Even if you aren’t planning to take out a loan anytime soon, your credit score can still impact your life in other ways. For example, a low credit score could impact your ability to lease a car, rent an apartment, tap into lower auto insurance rates, or even work for certain employers.

Check for Errors on Your Credit Report

As you look over your credit report, look out for errors about your credit accounts. Credit report errors can drag your score down, so look for anything that might be amiss.

If you find a mistake, it’s important to get it resolved as quickly as possible. Whether you find a simple mistake or extensive identity theft, you can have incorrect information removed from your credit report.

Contact the credit bureau

One way to fix a mistake on your credit report is to contact the appropriate credit bureau. You’ll need to explain the error in writing. If possible, provide documents to support your dispute claim.

Each of the three major credit bureaus has an electronic dispute process. But you can also submit a dispute claim via mail.

After you file a dispute claim, the credit bureau will investigate your claim. If they determine the information is inaccurate, they will make the appropriate adjustments. If the information is accurate, then they’ll leave it on your credit report. Either way, you should hear back from the credit bureau within 30 days.

Reach out to the creditor

Another way to resolve an error is to reach out to the reporting creditor directly. For example, you can contact your credit card issuer or lender if you spot an error connecting to the accounts you hold with them.

If they made a mistake, they will be able to update your account information. But if they don’t think they’ve made a mistake, then they won’t make any updates to your credit account.

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Will You Be Penalized for Checking Your Credit Report?

If you are thinking of checking your credit score, you may have heard the myth that checking your score is bad. But that’s not true! The reason boils down to soft versus hard credit inquiries. Here’s a closer look at both.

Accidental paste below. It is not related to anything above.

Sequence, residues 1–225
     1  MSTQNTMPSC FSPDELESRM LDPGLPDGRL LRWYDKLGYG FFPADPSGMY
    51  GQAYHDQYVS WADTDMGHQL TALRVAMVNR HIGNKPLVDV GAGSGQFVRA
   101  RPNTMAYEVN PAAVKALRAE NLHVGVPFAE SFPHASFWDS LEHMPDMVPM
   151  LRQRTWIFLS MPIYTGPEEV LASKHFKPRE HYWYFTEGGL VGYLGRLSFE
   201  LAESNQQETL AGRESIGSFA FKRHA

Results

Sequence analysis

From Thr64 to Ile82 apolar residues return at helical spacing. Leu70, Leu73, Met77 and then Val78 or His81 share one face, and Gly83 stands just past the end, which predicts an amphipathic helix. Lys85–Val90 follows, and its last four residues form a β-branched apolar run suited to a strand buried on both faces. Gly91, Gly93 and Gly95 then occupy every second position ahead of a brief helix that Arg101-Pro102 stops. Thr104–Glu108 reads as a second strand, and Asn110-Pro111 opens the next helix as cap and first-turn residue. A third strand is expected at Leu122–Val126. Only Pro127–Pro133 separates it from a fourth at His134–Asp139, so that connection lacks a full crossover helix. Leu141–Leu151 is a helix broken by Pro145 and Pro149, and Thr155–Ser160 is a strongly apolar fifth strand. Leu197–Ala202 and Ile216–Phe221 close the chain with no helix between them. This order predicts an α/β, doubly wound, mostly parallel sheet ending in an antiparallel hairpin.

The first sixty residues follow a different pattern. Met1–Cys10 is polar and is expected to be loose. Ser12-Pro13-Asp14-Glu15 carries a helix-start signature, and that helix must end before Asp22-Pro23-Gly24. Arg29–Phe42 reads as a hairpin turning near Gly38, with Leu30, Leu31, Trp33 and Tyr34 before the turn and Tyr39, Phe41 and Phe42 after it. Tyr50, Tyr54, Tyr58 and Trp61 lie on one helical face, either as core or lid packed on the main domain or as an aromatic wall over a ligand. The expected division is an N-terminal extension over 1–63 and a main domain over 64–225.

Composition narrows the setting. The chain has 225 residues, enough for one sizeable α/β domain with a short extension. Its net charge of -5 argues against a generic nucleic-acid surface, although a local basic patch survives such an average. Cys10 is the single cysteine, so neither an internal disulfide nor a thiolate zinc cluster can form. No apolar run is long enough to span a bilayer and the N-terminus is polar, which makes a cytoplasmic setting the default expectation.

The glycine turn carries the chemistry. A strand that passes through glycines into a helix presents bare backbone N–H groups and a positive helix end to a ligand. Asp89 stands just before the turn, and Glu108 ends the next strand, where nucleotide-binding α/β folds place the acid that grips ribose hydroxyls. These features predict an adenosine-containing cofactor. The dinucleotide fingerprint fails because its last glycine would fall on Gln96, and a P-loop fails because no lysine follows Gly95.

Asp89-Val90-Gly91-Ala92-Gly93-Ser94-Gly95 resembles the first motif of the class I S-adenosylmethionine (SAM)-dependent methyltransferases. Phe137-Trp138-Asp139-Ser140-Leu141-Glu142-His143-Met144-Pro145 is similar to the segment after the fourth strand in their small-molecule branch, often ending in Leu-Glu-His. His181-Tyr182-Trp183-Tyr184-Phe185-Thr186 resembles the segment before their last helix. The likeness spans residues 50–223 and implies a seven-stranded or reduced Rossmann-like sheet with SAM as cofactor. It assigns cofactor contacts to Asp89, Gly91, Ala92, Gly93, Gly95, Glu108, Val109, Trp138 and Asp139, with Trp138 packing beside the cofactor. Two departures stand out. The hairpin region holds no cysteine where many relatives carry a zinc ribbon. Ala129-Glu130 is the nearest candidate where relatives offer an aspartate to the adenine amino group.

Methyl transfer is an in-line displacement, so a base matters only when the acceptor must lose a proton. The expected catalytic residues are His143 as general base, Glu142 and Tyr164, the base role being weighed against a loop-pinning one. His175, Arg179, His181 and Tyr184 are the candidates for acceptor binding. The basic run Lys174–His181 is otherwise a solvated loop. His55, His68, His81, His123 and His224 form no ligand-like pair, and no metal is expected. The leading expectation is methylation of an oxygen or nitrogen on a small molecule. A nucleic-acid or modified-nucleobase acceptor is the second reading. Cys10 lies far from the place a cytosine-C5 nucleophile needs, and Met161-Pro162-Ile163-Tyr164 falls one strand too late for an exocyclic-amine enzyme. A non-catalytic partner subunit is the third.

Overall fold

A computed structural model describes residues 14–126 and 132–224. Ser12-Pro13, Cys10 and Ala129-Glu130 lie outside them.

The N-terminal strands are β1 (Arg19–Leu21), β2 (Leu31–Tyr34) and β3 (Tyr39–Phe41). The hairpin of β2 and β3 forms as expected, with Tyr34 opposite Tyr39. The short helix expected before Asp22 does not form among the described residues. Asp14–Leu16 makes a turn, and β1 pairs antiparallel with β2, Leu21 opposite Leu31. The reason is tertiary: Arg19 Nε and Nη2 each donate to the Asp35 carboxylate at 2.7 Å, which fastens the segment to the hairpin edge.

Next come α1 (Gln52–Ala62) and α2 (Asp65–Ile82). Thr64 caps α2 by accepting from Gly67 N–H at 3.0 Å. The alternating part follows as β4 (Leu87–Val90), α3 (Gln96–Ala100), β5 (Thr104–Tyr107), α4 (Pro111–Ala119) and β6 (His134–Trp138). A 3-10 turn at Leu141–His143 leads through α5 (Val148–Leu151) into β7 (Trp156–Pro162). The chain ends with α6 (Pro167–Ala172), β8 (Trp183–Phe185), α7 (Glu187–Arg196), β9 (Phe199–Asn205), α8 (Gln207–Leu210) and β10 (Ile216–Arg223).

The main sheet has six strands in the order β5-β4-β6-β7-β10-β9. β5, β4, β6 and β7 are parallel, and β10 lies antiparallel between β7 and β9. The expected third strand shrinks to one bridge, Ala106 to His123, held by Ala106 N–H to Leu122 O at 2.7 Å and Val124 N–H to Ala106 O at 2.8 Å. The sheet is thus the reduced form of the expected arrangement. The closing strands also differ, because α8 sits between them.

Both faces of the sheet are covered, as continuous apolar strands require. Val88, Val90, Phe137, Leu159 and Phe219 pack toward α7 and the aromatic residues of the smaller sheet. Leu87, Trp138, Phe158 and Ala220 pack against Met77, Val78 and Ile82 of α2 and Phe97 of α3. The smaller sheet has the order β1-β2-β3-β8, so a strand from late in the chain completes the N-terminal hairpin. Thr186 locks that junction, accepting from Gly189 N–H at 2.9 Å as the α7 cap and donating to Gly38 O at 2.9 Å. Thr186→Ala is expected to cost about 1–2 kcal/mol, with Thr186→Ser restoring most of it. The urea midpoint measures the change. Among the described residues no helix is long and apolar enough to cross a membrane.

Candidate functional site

Soft credit inquiry

When you check your credit report, you are making a soft inquiry. A soft credit inquiry will not negatively impact your credit report.

So, you should feel free to check your own credit report at any time without an issue. There’s no such thing as checking your credit report too often. But in general, an annual check will help you keep any negative errors at bay.

Hard credit inquiry

On the flip side, a hard credit inquiry can have a negative impact on your score. A hard credit inquiry is performed by a lender or financial institution when you apply for credit.

For example, when you apply for a credit card or auto loan, the lender will perform a hard credit inquiry when making a decision on your application. But sometimes, multiple hard inquiries within a set period of time will count as a single inquiry. With that, you can still shop around for a competitive loan option without extensive damage to your credit score.

How To Check Your Credit Score

Your credit report and credit score are related. But your credit report is not the same thing as your credit score. The information on your credit report serves as the base for your credit score.

So, if there is good information on your credit report, you can expect a good credit score. If you have bad information on your credit report, then you’ll likely have a lower credit score. Since these are two different things, you’ll need to check your credit score separately.

You can find your credit score for free through many financial institutions. Or you can sign up for a site like Credit Karma or Experian to monitor your credit score for free.

Check Your Credit Report Annually, At Least

Regularly checking your credit report can help you spot and fix any errors that could impact your finances. Since incorrect information on your credit report can pull down your credit score, this quick check can help you avoid major credit mistakes. Don’t skip this annual task to keep your credit health in top shape.

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About The Author


Sarah Sharkey

Sarah Sharkey is a personal finance writer who loves diving into the details to help readers make savvy financial choices. She has written for numerous finance publications, including Business Insider, Smart Asset, and Money Under 30. She lives in Florida, with her husband and dogs, and enjoys exploring a new stretch of coastline whenever she can.